The police may find it necessary to get in touch with witnesses to the crime or other persons who may be able to throw some light on the matter and to take statements from them. Of course, it is essential to study the results of the investigations with great care before a decision is reached. In finding witnesses and making these investigations, it is not always easy to do things with the speed which the hon. Gentleman would require in this instance. It is not always easy to find and question witnesses once the trial is over. If all the points at issue are not resolved to the Home Secretary's satisfaction, it may be felt desirable to ask the police to pursue further lines of inquiry.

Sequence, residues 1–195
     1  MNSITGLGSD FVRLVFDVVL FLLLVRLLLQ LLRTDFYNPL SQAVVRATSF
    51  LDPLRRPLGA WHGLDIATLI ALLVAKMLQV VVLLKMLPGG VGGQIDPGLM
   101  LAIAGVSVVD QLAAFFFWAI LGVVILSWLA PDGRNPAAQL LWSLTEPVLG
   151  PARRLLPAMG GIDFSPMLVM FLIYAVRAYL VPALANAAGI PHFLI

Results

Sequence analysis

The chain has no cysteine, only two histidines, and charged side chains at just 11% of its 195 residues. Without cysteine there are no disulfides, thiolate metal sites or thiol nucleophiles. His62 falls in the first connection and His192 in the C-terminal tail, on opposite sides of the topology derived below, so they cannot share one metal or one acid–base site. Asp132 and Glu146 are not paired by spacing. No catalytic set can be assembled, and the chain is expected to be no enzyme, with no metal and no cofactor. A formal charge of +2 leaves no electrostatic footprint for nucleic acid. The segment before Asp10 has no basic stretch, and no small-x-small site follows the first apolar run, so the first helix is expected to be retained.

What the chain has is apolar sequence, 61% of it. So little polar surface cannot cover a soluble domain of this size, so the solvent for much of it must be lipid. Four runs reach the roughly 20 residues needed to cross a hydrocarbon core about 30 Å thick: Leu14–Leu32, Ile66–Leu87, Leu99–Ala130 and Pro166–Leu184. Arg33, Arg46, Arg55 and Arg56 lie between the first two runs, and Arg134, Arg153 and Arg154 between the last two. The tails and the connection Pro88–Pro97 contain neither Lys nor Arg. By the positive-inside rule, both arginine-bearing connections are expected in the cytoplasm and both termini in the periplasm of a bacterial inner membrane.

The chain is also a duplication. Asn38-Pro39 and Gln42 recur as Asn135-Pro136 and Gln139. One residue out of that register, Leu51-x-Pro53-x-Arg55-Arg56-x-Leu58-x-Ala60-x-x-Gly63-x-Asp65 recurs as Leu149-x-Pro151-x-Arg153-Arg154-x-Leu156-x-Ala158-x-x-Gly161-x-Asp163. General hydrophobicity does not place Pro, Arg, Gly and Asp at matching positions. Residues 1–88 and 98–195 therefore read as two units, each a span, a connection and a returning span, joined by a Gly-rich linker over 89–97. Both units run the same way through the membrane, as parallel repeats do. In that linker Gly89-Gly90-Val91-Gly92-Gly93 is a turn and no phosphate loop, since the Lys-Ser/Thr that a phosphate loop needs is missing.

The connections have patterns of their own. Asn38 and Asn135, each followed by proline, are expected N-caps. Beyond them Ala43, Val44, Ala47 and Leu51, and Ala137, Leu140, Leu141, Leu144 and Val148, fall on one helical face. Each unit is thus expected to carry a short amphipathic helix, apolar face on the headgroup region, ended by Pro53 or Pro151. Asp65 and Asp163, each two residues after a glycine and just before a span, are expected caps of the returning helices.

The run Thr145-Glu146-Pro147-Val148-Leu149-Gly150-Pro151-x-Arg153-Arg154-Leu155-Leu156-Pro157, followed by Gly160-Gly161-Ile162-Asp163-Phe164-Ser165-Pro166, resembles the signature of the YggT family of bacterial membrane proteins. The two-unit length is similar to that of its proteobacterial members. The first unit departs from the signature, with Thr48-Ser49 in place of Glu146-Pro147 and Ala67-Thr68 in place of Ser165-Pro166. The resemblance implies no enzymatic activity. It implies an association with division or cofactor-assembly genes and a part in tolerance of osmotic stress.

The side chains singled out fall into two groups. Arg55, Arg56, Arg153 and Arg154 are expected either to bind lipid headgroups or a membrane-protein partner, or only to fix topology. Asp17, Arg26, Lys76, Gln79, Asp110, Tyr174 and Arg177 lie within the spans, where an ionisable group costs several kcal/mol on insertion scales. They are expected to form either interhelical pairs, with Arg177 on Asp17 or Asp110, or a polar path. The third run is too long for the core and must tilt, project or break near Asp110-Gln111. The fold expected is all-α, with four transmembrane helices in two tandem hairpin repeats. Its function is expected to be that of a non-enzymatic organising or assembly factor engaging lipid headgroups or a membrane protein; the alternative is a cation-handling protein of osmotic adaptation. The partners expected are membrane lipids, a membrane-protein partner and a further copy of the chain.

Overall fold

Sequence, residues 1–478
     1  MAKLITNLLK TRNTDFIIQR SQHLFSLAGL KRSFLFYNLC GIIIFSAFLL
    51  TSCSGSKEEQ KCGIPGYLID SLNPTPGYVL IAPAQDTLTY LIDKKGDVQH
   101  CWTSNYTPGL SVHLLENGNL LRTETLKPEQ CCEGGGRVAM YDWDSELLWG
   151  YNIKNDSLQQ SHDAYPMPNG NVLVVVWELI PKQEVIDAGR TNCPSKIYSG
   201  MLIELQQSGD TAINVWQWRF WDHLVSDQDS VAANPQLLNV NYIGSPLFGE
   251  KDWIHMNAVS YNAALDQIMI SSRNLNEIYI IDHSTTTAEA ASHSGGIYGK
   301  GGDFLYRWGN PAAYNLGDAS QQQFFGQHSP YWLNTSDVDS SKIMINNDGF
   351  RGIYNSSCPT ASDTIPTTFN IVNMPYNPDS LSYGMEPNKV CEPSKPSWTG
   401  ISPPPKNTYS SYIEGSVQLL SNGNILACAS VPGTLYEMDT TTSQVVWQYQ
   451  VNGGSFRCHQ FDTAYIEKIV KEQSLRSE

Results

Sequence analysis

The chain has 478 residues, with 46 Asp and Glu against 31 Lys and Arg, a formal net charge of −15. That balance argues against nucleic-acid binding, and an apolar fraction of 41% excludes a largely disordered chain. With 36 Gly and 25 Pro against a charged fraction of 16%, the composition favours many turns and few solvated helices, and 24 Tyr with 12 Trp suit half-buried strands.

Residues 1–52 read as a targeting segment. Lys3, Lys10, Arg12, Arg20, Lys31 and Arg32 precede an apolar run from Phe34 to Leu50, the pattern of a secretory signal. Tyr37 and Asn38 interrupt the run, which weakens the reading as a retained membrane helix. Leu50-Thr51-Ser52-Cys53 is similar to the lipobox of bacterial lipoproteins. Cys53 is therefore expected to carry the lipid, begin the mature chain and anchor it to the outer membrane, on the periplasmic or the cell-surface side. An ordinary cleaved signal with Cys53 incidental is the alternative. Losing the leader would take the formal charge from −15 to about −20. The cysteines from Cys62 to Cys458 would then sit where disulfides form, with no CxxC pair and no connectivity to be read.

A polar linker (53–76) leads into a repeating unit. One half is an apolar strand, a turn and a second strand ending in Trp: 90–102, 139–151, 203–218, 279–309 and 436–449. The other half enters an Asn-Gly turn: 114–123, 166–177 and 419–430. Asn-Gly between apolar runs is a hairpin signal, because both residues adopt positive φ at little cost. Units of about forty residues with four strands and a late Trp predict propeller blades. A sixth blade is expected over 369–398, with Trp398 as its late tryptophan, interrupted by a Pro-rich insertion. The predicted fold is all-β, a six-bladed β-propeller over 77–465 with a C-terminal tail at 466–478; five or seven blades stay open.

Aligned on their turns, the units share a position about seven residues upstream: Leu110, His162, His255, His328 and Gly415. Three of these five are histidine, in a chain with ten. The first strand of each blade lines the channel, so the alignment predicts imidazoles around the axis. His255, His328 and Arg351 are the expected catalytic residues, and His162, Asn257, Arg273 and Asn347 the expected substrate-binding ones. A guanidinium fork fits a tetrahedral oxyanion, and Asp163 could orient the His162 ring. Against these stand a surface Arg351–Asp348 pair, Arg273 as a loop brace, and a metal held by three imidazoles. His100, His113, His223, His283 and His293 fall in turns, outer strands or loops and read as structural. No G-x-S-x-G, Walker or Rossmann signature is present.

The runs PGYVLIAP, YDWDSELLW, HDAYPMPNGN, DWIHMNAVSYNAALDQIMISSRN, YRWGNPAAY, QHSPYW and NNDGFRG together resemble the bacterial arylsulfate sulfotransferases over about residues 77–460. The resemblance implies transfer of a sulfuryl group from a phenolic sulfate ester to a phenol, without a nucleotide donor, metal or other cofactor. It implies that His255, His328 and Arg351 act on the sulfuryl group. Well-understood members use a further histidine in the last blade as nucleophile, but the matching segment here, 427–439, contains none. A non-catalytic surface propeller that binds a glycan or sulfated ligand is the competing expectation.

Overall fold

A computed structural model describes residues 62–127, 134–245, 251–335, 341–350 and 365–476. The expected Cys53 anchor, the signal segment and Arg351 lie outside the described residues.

It may be thought, as the hon. Gentler man said, that when a person or persons have confessed to a crime of which someone else has already been convicted, the matter should be straightforward enough. But this is by no means necessarily so, as I, in my short time at the Home Office, have already discovered. In some cases, such confessions may prove to be without foundation. In others, it may emerge that the persons who made them did, in fact, participate in the commission of the offence, but that the man convicted was never the less rightly found guilty of it; and in such a case it would clearly not be proper to recommend the grant of a Free Pardon. That can only be appropriate if it is quite clear that he was wrongly convicted and was morally as well as technically innocent.